Councilman Andy Fulton commented that he had heard outside the workshop that residents were happy that there would be no access on Church Hill Road and that they were pleased with the aesthetics. Councilman Brian Baer asked if the roundabouts would be okay with truckers driving 18-wheelers as well as improvements to Airport Road heading out to Route 1. Riemann explained that the roundabout would be designed to fit large trucks and that they did anticipate some improvement to Airport Road in the future.
“From Route 1 to the proposed site, you’ll have people exiting the highway at the car dealership, trucks exit the highway near there and driving down that road,” Councilman Fulton said. “That road will need major upgrades in order to support heavier truck traffic through there because that’s a fast track from Route 1 to the business park.”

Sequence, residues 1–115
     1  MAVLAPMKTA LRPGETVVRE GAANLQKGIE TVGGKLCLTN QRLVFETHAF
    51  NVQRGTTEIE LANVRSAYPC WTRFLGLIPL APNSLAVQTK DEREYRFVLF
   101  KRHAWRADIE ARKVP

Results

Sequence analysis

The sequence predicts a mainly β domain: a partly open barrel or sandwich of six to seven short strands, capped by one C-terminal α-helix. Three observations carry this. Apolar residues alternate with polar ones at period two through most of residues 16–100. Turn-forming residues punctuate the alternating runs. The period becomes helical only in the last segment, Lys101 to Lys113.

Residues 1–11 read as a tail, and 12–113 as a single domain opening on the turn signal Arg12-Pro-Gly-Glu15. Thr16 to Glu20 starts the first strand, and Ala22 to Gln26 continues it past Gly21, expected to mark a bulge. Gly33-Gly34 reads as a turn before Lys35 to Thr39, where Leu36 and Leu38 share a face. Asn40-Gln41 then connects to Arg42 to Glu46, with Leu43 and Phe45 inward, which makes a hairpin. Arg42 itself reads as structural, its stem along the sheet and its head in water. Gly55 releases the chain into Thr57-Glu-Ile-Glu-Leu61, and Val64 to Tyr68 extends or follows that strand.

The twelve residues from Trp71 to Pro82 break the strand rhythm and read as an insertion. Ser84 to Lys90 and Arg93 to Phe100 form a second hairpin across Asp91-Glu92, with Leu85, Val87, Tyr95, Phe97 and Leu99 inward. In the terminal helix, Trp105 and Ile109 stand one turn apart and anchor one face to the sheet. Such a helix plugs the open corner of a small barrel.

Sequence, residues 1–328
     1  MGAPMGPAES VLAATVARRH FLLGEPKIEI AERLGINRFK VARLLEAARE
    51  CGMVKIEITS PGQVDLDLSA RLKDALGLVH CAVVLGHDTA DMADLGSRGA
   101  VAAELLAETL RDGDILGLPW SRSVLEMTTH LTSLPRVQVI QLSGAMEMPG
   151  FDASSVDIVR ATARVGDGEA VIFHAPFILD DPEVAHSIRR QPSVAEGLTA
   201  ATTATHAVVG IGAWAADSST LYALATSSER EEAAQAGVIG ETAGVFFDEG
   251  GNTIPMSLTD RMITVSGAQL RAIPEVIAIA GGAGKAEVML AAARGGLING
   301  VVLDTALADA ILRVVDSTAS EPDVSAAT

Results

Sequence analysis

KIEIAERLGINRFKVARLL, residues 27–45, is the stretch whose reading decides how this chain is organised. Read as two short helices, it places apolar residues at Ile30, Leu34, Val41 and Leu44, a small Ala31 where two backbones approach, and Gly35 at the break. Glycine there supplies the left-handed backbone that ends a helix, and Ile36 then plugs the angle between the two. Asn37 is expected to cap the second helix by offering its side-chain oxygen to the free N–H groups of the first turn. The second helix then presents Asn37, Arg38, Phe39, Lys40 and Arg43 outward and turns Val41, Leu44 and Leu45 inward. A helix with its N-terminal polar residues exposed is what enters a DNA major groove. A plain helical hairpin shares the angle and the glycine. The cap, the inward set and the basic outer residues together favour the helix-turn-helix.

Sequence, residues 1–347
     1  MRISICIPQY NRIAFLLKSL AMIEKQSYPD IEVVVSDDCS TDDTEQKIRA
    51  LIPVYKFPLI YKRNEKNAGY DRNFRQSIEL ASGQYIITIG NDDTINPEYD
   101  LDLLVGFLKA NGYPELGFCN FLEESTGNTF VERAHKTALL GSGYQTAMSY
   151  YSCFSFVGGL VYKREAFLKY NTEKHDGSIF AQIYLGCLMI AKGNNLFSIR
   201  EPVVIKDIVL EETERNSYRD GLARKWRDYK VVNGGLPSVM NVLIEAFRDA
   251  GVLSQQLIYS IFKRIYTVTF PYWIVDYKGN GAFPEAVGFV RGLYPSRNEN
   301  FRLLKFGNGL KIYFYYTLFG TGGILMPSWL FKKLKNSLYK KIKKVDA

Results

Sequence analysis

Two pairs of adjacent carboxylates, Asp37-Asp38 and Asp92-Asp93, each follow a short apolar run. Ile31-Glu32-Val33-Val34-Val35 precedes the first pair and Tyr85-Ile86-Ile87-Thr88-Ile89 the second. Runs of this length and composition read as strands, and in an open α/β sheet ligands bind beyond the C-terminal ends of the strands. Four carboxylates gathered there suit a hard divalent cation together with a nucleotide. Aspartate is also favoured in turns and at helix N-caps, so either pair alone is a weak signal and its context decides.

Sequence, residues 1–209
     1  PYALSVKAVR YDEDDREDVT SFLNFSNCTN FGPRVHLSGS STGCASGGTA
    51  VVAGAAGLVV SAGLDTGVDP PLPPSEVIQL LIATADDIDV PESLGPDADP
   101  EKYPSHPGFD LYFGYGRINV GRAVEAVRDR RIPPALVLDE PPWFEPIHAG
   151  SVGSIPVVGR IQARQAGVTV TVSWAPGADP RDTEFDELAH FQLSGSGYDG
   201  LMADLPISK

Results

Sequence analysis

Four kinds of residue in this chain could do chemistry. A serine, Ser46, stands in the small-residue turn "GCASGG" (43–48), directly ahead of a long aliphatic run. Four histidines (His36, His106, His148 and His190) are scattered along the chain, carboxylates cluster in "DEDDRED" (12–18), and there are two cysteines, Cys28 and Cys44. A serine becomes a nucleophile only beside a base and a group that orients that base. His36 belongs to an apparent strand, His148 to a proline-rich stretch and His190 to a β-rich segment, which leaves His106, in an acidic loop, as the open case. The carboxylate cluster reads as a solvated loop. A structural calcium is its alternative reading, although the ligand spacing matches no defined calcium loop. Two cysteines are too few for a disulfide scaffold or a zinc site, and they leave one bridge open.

Councilman Todd Culotta felt that most trucks would remain on Route 113 and turn on either Airport Road or use Milford Harrington Highway to get to Canterbury Road before taking all those turns using the exit at the car dealership on Route 1. Councilman Fulton suggested that the potential for large trucks exiting at Thompsonville Road was something to be considered during the planning stage.
“I just hope sometime before I leave this Earth, between the City of Milford and legislators, we strongly consider putting sidewalks on Airport Road,” Councilwoman Wilson said. “I mean it has been a need and a want out there for years. It was long before there was an apartment complex, a doctor’s office, a Boys and Girls Club and a hospice center. We have all these wonderful things and we still have not gotten sidewalks.”